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ADV RidesDoing the LA Barstow to Vegas Ride on Big Bikes

Doing the LA Barstow to Vegas Ride on Big Bikes

 Tough trails make the LAB2V a challenge for riders on Big Adventure Bikes.

Published on 12.29.2014
(Courtesy 'Photos By Grumpy')

The LA Barstow to Vegas Ride is a long-running tradition for dual sport riders in Southern California. Each year, more than 500 riders rise early the day after Thanksgiving to take part in this historic two-day organized dual sport ride. It’s a 450-mile journey that tests man and machine through hostile terrain, but it’s also an opportunity to enjoy the desolate beauty of the Mojave Desert.

As a fully supported ride, the organizers carry all of your gear to your hotel each night and also provide sweeper trucks that will pick your bike up on the trail should you break down or get injured. Routes are marked by difficulty level and a number of bail out points allow you to choose the intensity level of your ride. After completing 2-days of torturous trails, you get to celebrate in party central, Las Vegas!

Most participants in the LA Barstow to Vegas (LAB2V) choose smaller Dual Sport motorcycles in the 450cc range because of the difficulty of the terrain, but an increasing number of riders are joining the fun on big Adventure Bikes. The deep sand, rocks and dusty trails make the LAB2V a challenge for any motorcycle but for heavier Adventure Bikes in the 800cc range and larger, it’s a true test of skill.


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We last rode the LA Barstow to Vegas years ago on lightweight KTM 640 Adventures. This year our group rode a mixture of Adventure Bikes in the 800cc to 1000cc range for an even bigger challenge. Our photographer Bill Lieras was also present, riding his KLR650, fresh off completing RawHyde’s Intro to Adventure Off-Road Training weekend.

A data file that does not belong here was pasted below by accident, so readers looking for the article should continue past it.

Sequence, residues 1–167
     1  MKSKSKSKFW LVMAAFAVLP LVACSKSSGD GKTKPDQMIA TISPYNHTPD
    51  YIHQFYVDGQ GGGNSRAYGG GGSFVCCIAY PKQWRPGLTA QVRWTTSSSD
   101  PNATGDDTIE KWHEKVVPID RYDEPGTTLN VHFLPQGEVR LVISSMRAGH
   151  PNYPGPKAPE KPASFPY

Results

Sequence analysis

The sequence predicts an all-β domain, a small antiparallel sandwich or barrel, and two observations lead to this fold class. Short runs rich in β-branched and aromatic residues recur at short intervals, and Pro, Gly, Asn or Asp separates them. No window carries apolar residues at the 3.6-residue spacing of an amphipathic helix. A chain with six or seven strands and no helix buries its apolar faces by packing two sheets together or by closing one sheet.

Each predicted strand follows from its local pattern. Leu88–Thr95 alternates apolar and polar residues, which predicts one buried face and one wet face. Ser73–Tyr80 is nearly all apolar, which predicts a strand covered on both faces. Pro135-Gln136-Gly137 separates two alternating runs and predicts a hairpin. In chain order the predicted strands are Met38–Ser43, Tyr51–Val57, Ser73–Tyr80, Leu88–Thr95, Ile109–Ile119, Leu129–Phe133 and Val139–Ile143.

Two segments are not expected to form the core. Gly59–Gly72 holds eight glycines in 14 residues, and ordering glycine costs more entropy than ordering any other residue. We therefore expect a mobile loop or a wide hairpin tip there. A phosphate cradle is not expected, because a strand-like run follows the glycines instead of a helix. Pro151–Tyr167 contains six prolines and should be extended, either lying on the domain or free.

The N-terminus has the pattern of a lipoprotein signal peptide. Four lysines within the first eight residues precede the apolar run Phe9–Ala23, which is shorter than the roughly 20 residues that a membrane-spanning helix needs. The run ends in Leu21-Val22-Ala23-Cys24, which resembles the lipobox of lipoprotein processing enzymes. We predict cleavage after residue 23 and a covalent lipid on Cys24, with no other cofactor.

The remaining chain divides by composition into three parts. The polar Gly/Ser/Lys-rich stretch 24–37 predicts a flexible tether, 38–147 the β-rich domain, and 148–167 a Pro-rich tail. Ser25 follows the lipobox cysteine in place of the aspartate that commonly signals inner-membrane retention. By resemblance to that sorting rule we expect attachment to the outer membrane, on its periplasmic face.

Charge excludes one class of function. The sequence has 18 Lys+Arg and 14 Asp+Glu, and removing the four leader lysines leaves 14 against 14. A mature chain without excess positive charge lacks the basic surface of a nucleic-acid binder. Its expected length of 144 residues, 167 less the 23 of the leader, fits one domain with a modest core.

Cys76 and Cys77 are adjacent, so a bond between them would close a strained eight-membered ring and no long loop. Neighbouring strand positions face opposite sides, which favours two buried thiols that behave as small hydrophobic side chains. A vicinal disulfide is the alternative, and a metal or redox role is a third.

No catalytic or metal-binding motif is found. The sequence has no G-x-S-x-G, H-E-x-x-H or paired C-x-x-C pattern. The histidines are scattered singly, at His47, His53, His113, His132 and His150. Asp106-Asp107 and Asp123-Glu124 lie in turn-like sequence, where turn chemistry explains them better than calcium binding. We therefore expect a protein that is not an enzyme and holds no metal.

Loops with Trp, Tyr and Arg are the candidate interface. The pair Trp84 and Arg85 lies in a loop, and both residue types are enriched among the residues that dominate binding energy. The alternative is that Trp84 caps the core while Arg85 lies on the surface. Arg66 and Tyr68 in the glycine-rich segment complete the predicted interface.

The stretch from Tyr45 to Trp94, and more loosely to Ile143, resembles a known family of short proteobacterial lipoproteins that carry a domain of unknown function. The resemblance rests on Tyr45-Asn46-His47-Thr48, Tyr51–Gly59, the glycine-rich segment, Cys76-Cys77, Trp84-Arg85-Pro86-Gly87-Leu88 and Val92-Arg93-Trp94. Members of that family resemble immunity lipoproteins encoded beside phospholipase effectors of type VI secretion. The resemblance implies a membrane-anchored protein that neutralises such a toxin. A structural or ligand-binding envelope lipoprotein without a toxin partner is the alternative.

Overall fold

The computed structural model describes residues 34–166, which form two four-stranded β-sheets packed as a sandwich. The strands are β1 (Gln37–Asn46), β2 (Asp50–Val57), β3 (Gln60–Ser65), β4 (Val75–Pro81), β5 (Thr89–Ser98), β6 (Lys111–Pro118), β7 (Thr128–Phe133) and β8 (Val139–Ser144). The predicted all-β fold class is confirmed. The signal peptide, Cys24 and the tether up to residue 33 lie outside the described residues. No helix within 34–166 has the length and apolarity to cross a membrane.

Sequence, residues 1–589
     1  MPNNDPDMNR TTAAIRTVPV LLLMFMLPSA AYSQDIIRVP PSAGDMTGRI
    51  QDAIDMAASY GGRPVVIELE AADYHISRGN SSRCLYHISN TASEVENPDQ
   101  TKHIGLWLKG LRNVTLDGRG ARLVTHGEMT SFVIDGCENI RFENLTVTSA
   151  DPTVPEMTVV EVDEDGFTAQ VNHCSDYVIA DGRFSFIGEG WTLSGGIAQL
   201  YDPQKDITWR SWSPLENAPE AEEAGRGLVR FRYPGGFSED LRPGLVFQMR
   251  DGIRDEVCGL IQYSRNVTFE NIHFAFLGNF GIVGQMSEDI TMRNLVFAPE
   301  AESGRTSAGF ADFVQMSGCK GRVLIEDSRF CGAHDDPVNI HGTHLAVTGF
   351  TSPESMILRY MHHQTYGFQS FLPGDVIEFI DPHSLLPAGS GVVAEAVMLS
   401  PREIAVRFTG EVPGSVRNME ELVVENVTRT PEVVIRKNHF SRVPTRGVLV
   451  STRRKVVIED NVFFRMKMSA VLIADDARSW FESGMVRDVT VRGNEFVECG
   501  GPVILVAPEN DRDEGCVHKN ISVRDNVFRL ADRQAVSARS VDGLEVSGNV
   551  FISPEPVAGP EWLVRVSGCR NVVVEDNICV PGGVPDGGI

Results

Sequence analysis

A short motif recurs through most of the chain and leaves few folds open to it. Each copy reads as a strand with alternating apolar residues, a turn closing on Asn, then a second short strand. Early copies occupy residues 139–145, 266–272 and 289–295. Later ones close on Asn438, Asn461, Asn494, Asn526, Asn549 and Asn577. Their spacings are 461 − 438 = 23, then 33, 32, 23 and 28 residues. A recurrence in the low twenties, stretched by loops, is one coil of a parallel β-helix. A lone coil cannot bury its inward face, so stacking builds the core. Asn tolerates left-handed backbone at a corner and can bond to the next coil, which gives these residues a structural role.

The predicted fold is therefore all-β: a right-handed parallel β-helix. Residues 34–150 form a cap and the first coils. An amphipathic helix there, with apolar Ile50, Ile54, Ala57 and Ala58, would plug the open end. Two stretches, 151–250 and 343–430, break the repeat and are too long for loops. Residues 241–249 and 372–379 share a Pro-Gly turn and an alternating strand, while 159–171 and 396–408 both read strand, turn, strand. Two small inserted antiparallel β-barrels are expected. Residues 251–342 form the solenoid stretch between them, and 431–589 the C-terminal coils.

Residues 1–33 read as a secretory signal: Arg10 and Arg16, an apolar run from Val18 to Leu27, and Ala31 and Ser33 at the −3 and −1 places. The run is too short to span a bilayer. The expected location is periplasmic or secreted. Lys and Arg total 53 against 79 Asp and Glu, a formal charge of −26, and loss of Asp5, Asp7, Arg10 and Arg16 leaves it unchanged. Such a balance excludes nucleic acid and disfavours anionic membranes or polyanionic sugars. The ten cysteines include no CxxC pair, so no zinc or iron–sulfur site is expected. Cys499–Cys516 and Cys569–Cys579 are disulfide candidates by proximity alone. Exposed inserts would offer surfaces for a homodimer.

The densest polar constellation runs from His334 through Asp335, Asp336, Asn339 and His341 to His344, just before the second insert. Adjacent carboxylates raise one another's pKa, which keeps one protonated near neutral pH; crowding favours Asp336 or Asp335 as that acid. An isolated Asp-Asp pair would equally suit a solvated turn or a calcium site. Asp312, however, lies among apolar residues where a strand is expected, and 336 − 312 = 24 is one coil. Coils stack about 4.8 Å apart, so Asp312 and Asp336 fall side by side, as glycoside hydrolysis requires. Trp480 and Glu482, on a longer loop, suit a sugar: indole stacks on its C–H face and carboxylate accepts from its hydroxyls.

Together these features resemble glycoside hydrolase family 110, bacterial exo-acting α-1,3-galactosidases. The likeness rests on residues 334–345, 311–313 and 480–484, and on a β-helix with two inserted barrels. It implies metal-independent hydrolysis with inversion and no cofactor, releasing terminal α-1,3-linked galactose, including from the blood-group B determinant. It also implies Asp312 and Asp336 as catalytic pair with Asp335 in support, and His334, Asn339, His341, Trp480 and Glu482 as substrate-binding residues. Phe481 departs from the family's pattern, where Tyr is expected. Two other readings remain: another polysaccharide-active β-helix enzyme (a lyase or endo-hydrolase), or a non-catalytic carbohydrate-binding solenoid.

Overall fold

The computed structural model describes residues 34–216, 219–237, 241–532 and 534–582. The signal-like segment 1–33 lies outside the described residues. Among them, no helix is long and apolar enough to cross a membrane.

For this year’s LAB2V, we had a few delays in the morning and got off to a late start. Long registration lines, loading GPS and setting up roll charts always takes longer than expected. Our late start meant we were riding in the dust of the more than 500 participants in front of us. Just as we were getting settled into a rhythm, we soon encountered our first set of big whoops. Immediately we noticed the difficulty level seemed higher than previous years, now that we were riding heavier bikes. Even trails marked as “Easy” included giant whoops and deep sand, which was a shock for some of the less experienced riders in our group.

At around noon, a couple of us split off from the group to ride one of the sections marked “hard” on the course notes. This took us through a sandy wash into Red Rock Canyon State Park near Ridgecrest, CA. The heavy bikes lumbered through the deep sand and it took considerable effort to make it through.

sandy wash jagged rocks.
This hard section on day one went through a sandy wash with jagged rocks.

At one point, I thought my eyes were deceiving me when up ahead I glimpsed a group of scooters riding in the wash. To my surprise it was no mirage and we soon caught up to a group dressed in vintage costumes riding scooters fitted with knobby tires. We stopped for a moment to chat and have a few laughs with our new friends. We couldn’t help but admire their ambition and sense of adventure as we carried on past them.

Finally, we exited the sandy wash but our next obstacle was no less challenging. A large rocky hill climb lay before us with no way around it. As we arrived at the bottom of the hill, a KTM 450 rider made it to the top without much effort. However, his friend on an older Honda XR600 took a bad fall trying to follow in his footsteps. We jumped to his aid and helped him get his bike upright again. The rider was uninjured but this only made the hill look more intimidating.

Just as we were about to make an attempt at the hill climb, the scooters caught up to us. We decided to wait to see how they would do on the hill before proceeding. The first scooter got about one quarter of the way up the hill before he jumped off to the side and started pushing the scooter up the hill like a bicycle. Throttle wide open with a few friends pushing behind, he was finally able to make it up the hill after about 10 minutes or so.

scooter goes up hill climb with knobby tires
A scooter pilot gathers his speed for a hill climb in Red Rock Canyon State Park.
Red Rock Canyon State Park Hill Climb
This hill climb in Red Rock Canyon State Park was a bit of a challenge for bigger bikes.

After making it up the hill climb with no incidents of our own, we continued on toward the town of Ridgecrest for lunch. Along the way, we encountered amazing desert vistas that carried on for miles, free of any signs of civilization. In Ridgecrest, it was difficult to gather everyone in our group together for lunch and by the time we finished, it was so late that we lost our opportunity to ride the last 100 mile section of dirt. For safety reasons, the organizers now close off the trails a few hours before dark, so we were forced to ride into town on the highway. We ended the night in Barstow with delicious Mexican food and a few Margaritas at Los Domingos Restaurant.